My brother sent me an email today about the death of someone who meant a lot to both of us.
Matthew Kelty was a priest and monk who lived in the Trappist Abbey of Gethsemani in Kentucky. This Courier Journal article captures him well, I think, as do his own words on the monastery's website.
Back in the late '90s, I was one of the many retreatants he counseled with comfort and compassion, and a little bit of clever evasiveness.
It was 1996, and I'd just quit an advertising job, and moved from Amsterdam back to America to seek my purpose. I didn't have a job, or a plan of any sort, really. I thought I'd study religion, perhaps teach eventually. I visited a few grad schools. I sought substance, something with deep roots.
I was more than a little afraid that in my seeking I might be called to a something beyond what I could pull off, and entering the monastery represented the most extreme and terrifying commitment I could imagine. So, I thought, I'd better investigate.
I signed up for a week-long silent retreat at Gethsemani, joining the monks for prayers and meals, my time otherwise spent reading, in silent meditation or walking around the woods.
One day I screwed up my courage and went to meet Fr. Kelty. I stuck my head in his office on the first floor of the guest house, and he called me in.
I told him how I sought meaning in my work, that I wanted to fulfill whatever purpose was in store for me, and that I wanted to know how to discern whether the monastic life was right for me. I was sort of a mess, really, full of confusion.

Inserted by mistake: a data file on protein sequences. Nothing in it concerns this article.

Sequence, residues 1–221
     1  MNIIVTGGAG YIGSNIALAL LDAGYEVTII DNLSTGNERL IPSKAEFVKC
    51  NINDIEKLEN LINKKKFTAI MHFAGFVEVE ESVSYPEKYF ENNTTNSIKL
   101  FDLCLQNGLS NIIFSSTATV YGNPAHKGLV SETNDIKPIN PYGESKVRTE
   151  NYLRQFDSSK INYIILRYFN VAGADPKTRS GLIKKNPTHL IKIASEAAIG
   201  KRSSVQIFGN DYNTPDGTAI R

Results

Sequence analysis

He listened patiently and intensely. He handed me a small pamphlet he had written years earlier for young novitiates, but he refused to engage directly in my inner turmoil. Instead he wanted to talk about high school football.
"Where'd you go to school?" he asked in his thick Boston brogue. Trinity, I told him, in Louisville.
"They got a good football team. You play football?" he asked.
Um, no, I was more into theatre and art.
Small talk? This man was Thomas Merton's spiritual director! Where was the wisdom? I was getting frustrated.
Fr. Kelty looked at me penetrating for another moment, and slowly smiled. Then he stood up and walked around his desk, and gave me an unexpected hug.
"You're okay," he said, softly. "Everything's gonna be alright." Then he gave me a pat on the cheek and sent me back into the world.